Reviews | Republicans must answer tough questions about women’s lives

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In the wake of the Supreme Court’s decision to strike down abortion rights, we know three things: 1) The decision is hugely unpopular; 2) banning abortion will have disastrous consequences for women; and 3) Republicans have no say in No. 2.

Recent polls on the issue are about as decisive as you can find in politics. NPR reports on its investigation with PBS NewsHour and Marist: “Majority of Americans say they disagree with Supreme Court’s decision to overturn Roe vs. Wadebelieve it was politically motivated, fear the court will now reconsider decisions that protect other rights, and are more likely to vote this fall for a candidate who would restore abortion rights.

The poll shows that 56% oppose the decision, while only 40% support it. Two groups critical to the success of Democrats — women and college graduates — oppose the decision by even wider margins. A CNN poll after the opinion leak also showed 66% disapproval, and a CBS News-YouGov poll released on Sunday showed 59% oppose the decision.

These polls do not yet reflect a widespread understanding of the implications of a reversal deer. Imagine the answer if pollsters asked these questions instead: Would you force a teenage rape victim to give birth? Would you force a pregnant woman with cancer to forego chemotherapy because the treatment might terminate her pregnancy? Certainly, the supporters of abortion in these cases would be even more numerous.

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Republicans must now defend their decades-long quest to criminalize abortion. They should explain why rape, incest and protection of the mother’s health are not “sufficient” reasons for intervention. It might be harder than they thought, as Arkansas Gov. Asa Hutchinson (right) demonstrated on NBC News’ “Meet the Press” show on Sunday:

NBC Host Chuck Todd: So if a 13-year-old girl in Arkansas is raped by a parent, that 13-year-old girl can’t get an abortion in Arkansas. Are you comfortable with that?

Hutchinson: I’m not – I would have preferred a different result than that. But that’s not today’s debate in Arkansas. It may be in the future. But so far, the law has kicked in with only one exception. While you can debate whether there should be additional exceptions, each state will make a different decision on this under our Constitution. And that will continue to be discussed. But at this particular point, the only exception in Arkansas is to save the mother’s life.

So, effectively, his response is, sorry, but nothing can be done for the 13-year-old. For now, he’s willing to let the power of his condition traumatize this child.

Hutchinson’s lack of clarity and direction is also staggering. Pressed on whether ‘morning after’ pills such as Plan B are now illegal, he could only say they ‘shouldn’t’ be a problem. So women are supposed to guess?

Todd: whatever you think deer, this decision never forced anyone to do something they didn’t want to do. This decision will now force a woman to carry a pregnancy that she may not have wanted. Does it make you feel uncomfortable, that we know – you’re forcing someone to do something they don’t want to do? deer didn’t do that. This decision does.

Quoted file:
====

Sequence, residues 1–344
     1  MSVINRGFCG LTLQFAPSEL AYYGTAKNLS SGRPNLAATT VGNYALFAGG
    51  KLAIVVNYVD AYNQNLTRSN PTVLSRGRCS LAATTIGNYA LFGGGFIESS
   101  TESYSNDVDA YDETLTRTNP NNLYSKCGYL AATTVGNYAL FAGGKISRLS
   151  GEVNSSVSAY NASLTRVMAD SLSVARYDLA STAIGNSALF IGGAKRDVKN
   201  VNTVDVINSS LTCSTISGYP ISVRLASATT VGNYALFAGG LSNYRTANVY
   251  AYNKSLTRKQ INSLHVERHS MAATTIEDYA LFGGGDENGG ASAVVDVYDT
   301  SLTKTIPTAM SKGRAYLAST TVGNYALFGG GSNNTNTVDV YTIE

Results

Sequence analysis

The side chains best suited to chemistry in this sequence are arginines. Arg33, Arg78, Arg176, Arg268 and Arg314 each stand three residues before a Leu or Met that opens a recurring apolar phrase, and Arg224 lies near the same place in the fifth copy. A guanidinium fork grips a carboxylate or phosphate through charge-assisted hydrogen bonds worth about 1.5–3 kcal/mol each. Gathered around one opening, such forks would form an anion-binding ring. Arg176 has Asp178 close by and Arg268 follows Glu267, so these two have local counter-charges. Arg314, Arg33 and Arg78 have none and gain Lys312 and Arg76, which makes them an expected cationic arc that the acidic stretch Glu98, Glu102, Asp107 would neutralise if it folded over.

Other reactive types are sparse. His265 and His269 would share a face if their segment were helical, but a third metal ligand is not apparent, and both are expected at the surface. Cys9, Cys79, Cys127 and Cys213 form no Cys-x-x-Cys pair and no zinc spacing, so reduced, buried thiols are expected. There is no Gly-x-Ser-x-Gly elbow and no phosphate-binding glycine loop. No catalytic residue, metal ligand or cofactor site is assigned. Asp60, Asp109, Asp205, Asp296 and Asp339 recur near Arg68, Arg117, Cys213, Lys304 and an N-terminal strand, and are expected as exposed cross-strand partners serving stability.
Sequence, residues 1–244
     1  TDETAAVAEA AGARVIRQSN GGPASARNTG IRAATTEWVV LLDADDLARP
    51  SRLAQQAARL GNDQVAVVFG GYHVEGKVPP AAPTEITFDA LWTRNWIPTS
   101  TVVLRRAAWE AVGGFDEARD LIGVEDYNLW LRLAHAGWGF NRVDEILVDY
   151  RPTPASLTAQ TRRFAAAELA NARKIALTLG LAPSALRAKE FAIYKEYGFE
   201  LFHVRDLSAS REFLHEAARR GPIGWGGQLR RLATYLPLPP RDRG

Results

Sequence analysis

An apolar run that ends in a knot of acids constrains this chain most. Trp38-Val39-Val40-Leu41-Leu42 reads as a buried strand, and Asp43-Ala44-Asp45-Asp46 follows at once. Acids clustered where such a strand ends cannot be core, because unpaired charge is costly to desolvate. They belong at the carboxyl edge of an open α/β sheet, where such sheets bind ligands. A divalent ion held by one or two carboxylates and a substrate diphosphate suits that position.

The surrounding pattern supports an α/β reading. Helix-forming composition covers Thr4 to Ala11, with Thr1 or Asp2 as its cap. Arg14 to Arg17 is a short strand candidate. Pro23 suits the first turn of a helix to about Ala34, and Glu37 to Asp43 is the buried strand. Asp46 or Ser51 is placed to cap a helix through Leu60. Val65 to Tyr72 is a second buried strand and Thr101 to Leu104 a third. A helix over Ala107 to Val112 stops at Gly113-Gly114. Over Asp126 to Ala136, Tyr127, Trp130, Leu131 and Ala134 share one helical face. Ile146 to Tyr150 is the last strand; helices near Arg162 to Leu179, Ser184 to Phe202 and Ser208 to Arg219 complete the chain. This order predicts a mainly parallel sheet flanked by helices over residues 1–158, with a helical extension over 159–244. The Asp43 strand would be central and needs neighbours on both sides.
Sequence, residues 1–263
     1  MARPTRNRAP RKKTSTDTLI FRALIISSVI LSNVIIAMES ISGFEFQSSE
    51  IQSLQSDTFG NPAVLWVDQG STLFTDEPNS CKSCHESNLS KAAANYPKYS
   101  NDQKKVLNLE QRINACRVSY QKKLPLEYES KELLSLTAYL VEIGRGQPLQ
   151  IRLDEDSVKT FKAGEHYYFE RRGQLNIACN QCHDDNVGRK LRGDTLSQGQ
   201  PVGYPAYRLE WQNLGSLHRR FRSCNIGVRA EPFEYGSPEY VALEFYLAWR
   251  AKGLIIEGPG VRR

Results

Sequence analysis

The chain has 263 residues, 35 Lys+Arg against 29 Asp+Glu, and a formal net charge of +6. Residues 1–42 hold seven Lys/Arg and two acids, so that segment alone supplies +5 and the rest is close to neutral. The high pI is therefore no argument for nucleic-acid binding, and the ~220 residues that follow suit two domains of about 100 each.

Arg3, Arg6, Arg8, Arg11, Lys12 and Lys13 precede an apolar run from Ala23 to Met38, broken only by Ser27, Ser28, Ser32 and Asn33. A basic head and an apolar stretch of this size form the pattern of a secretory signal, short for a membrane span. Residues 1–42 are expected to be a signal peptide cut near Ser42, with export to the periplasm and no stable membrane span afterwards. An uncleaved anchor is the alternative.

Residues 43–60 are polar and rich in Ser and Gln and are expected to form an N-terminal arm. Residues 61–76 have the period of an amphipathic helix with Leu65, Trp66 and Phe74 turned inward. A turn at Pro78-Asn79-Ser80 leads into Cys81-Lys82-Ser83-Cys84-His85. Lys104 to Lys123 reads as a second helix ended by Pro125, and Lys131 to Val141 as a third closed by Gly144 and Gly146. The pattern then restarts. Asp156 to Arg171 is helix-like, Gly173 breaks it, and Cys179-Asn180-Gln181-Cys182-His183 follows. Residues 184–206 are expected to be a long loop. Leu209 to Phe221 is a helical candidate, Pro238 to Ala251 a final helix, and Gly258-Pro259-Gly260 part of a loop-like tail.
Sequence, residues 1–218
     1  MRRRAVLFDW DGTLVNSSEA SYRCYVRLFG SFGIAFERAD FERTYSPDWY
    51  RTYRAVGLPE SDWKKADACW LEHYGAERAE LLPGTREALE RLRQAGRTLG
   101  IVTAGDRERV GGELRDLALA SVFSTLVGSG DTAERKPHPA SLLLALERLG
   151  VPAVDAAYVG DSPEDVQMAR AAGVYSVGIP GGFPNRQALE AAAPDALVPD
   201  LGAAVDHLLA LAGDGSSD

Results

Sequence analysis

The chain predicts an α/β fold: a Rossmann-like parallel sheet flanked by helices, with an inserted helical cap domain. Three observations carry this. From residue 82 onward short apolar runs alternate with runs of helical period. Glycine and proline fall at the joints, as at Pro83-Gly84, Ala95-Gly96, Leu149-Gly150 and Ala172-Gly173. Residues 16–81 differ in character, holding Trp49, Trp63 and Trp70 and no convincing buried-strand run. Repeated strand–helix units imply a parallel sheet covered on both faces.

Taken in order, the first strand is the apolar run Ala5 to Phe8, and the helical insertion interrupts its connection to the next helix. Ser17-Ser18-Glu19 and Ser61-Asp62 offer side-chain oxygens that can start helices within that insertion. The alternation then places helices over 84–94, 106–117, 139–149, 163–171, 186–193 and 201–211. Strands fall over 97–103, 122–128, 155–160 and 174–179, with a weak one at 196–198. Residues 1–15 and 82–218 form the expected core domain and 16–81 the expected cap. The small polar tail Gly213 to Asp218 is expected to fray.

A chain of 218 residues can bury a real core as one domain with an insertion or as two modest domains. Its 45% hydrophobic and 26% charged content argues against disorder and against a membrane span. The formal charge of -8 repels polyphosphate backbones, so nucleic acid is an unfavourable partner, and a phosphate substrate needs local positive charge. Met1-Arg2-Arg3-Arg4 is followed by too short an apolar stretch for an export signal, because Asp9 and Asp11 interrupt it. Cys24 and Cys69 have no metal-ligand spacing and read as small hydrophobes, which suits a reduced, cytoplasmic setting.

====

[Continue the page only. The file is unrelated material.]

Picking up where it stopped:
Huchinson: Well, no, I think that’s a very fitting decision. Obviously when you look at government and the power of government to force someone to carry a child to term, you have to think about that. And lawmakers are thinking about it.

“Forcing someone to carry a child to term.” Hutchinson’s gleeful attitude toward policies that will wreak havoc on women’s lives encapsulates the utter lack of respect for women’s autonomy and personality that is so pervasive among Republicans. It seems as far as Hutchinson is concerned, the 13-year-old rape victim is nothing more than a vessel.

Democratic gubernatorial candidates, such as Georgia’s Stacey Abrams and Michigan Gov. Gretchen Whitmer, have been out there arguing that the government shouldn’t be the one making these decisions and that Republicans are putting women’s lives in danger. Abrams made it clear during an appearance on CNN that only one party is focused on the needs and interests of women:

As a pro-choice and proudly pro-choice person, I believe we need leaders right now who are ready to stand up for who we are and stand up for the women in our care. We must be deeply concerned about what is happening to our LGBTQ community, people of color, especially black women, who face the highest maternal mortality rates in the country. …

We know that Brian Kemp has shown he doesn’t care about Georgian women, Georgian families, except when it’s politically convenient. And so I believe this is a clear distinction between us, and I encourage every Georgian to pay attention to it.

Republicans are now in the uncomfortable position of defending their indifference to women. The problem is even more acute in states with high maternal mortality rates for women of color. And while the lack of child support, daycare and medical care for children aren’t the only reasons for opposing forced births, the dismal lack of services in red states now under bans on Abortion should emphasize that it is not about protecting a child’s life.

It’s a political issue that has gone from abstract to very real, very quickly. If voters who oppose forced birth turn out in large numbers midterm, Republicans may begin to wonder if the pledge to end deer was politically more beneficial than reality. Now everyone can see what they think of women.

About Therese Williams

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